Professor Einstein's Happiest Thought
One of the subjects that Einstein worked on during the miracle year had do with the following problem in chemistry. Suppose you dissolve a small amount of sugar in a solution of water. The sugar molecules will then diffuse through the water until they come into a state of equilibrium, or balance, with the water. The sugar and water will be uniformly mixed. The diffusion of the sugar molecules in the water will produce a pressure that can be measured by putting a thin sheet into the solution and letting the sugar molecules hit it as they diffuse.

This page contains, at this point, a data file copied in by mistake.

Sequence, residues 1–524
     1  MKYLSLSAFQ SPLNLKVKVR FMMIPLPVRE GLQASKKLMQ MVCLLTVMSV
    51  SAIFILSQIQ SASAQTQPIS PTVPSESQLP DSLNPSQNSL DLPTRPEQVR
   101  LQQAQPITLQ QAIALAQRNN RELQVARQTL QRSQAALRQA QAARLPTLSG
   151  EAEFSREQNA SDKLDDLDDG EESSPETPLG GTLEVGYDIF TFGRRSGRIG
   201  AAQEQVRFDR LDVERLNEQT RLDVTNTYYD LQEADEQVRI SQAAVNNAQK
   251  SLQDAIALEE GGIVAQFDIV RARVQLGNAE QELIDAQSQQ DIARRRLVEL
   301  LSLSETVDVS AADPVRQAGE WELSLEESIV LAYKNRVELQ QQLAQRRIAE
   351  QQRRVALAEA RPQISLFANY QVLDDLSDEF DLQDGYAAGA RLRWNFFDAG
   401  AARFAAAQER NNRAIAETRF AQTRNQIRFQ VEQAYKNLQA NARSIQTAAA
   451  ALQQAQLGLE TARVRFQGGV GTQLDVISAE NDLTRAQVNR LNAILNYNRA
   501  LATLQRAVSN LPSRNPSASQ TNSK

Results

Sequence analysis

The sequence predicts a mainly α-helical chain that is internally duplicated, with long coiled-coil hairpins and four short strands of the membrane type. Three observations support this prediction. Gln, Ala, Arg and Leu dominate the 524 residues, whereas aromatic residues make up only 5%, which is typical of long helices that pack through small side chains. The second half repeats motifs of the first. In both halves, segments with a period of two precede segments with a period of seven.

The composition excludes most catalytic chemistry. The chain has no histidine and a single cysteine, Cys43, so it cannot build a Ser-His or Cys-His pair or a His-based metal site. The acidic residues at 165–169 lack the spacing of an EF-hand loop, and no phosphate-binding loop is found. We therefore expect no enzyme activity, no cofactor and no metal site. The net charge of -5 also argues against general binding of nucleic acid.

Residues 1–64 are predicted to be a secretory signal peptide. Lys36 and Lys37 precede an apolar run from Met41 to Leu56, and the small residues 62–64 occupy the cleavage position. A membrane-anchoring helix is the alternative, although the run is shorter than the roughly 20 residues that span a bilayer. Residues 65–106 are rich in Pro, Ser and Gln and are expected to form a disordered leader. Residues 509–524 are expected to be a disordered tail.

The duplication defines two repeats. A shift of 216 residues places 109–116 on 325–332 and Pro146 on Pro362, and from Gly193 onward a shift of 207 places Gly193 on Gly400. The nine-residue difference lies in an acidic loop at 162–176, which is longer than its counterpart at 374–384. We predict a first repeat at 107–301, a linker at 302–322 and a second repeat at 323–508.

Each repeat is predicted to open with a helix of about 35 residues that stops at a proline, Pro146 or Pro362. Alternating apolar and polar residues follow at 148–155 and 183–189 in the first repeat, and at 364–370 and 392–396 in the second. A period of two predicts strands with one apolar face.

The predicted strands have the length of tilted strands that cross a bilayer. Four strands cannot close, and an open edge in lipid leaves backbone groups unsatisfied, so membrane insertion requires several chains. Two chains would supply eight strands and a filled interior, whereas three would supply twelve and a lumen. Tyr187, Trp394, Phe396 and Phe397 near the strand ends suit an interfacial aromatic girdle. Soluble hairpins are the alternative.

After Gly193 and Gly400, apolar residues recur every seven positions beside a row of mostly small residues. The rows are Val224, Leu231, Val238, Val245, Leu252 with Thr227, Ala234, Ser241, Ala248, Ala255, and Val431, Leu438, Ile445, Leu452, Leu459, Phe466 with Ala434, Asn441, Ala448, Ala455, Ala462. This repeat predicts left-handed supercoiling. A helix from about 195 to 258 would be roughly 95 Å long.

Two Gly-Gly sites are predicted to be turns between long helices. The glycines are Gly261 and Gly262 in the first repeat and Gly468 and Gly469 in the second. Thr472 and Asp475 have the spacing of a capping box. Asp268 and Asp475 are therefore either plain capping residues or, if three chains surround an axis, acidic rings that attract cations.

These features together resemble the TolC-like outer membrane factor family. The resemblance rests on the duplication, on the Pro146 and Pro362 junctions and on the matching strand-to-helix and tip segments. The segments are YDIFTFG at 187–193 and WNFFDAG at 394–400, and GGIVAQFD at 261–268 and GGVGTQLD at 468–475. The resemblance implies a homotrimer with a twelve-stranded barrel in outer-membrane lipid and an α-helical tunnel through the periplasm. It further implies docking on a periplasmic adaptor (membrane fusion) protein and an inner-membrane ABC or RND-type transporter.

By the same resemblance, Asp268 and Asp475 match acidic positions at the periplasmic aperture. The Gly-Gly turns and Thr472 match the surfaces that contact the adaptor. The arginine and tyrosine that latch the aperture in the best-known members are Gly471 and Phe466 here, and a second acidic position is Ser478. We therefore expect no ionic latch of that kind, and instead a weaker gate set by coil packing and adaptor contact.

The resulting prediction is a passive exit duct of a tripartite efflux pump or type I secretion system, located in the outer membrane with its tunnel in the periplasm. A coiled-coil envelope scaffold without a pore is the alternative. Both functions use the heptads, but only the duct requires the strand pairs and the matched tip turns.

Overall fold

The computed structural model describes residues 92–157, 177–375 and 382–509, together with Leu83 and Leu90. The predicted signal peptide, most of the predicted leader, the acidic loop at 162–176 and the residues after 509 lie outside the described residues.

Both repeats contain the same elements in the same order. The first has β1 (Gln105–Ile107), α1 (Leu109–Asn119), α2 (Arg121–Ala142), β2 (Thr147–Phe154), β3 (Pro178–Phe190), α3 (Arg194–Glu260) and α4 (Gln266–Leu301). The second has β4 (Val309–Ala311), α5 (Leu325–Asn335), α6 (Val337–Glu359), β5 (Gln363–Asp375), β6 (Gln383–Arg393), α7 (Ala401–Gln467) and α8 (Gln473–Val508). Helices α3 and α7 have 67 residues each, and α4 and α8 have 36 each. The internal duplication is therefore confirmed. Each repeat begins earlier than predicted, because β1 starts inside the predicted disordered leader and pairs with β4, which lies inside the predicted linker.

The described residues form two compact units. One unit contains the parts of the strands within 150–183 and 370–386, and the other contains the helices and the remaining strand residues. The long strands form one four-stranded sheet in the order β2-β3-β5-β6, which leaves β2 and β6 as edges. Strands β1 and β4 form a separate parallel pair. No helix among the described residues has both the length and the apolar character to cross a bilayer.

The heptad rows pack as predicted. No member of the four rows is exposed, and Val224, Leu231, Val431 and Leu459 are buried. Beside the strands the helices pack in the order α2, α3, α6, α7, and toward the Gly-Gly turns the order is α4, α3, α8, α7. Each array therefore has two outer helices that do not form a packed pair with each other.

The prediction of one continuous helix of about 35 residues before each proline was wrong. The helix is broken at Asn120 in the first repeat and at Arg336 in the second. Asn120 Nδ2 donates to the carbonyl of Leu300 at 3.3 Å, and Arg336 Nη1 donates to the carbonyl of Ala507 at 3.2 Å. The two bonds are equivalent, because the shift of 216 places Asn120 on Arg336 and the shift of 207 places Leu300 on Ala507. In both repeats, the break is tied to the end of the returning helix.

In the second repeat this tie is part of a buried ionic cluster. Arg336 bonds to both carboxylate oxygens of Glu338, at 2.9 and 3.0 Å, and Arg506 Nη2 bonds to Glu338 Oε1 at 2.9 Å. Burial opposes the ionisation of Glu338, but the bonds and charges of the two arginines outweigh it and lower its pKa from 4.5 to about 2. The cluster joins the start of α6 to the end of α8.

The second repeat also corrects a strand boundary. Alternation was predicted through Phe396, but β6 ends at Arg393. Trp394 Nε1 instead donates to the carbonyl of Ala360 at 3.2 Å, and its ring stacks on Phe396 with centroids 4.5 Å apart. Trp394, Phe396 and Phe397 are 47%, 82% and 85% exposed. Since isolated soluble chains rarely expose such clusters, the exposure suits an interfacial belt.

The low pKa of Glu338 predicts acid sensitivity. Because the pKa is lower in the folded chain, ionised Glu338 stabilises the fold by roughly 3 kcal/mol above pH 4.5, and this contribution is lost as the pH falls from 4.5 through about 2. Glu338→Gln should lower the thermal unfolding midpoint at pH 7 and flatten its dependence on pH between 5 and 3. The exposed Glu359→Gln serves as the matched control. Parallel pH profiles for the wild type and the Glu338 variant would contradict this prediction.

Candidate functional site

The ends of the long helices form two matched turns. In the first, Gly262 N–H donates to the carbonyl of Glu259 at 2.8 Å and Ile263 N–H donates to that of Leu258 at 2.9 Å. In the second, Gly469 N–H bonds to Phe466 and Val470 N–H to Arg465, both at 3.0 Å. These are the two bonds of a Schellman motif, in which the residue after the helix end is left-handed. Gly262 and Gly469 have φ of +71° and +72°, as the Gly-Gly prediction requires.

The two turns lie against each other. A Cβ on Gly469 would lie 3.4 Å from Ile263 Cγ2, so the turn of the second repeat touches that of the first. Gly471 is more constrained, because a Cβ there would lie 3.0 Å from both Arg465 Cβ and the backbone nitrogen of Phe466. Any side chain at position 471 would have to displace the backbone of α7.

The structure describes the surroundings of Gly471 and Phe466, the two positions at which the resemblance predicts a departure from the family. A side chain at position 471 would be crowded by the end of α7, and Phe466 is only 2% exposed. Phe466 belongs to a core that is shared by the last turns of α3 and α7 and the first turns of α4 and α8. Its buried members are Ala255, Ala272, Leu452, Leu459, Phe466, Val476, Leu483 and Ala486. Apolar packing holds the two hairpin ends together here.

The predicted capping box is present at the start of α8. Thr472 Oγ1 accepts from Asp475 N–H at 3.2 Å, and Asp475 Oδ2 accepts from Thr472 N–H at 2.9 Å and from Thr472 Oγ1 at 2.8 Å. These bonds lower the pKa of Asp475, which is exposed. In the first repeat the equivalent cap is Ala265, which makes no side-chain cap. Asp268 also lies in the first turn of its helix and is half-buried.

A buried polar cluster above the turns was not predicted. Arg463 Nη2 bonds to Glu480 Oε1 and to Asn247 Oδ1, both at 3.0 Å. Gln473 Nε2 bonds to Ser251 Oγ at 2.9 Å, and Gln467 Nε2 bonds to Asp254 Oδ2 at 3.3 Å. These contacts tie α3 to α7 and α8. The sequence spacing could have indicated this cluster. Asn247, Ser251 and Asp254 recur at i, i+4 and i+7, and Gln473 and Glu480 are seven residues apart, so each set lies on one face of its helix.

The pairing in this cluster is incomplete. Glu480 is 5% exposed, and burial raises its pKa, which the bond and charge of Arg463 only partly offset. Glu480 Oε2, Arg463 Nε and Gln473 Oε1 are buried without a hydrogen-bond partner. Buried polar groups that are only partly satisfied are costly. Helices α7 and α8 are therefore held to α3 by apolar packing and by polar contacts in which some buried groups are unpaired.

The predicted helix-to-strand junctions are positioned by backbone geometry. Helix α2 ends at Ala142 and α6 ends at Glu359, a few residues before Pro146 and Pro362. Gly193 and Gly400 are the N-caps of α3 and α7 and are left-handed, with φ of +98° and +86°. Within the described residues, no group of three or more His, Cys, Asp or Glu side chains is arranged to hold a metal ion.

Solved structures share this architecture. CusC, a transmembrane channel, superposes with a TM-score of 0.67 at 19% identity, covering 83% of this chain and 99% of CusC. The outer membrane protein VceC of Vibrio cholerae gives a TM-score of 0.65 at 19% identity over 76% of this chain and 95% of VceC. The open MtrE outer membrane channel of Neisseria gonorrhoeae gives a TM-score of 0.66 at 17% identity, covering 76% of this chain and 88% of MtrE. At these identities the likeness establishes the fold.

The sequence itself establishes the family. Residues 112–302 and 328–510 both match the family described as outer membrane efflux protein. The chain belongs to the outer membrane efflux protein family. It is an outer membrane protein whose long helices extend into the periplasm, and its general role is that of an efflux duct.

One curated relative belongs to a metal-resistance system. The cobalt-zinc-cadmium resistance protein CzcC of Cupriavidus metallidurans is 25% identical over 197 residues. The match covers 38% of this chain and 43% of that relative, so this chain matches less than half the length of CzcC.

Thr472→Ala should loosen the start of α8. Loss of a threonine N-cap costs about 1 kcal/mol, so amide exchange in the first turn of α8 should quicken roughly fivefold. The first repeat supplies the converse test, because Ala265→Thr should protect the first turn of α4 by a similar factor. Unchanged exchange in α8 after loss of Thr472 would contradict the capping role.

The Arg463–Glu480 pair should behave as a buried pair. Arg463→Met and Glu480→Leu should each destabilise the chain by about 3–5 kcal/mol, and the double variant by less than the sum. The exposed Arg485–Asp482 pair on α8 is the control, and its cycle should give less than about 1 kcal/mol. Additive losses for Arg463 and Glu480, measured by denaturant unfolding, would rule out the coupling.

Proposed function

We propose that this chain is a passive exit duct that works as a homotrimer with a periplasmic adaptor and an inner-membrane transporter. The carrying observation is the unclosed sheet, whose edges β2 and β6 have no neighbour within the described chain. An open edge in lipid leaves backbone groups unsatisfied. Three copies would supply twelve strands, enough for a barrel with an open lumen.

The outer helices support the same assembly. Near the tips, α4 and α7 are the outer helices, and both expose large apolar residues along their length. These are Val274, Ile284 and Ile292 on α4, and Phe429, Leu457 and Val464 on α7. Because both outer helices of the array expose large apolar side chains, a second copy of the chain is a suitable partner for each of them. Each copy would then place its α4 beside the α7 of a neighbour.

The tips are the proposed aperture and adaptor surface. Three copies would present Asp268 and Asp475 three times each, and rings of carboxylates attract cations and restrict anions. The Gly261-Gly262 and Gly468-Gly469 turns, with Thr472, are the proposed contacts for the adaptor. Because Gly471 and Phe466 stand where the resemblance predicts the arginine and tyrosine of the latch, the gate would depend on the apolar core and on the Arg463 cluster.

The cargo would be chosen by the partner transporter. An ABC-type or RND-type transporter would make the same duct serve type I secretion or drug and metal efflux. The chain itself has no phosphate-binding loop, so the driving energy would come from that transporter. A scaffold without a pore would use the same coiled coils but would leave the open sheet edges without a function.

Einstein produced a theory about this process that enabled him to determine both the size and the number of the sugar molecules in the solution. The number of molecules in what is known as the [mole] of a substance—an amount equal to the molecular weight of the substance in grams—is called Avogadro's number. This number is named for Amedeo Avogadro, an Italian scientist who first conjectured in 1811 that a given volume of any gas at a fixed temperature and pressure would contain the same number of molecules as the same volume of any other gas under the same conditions. Avogadro's number, usually simply called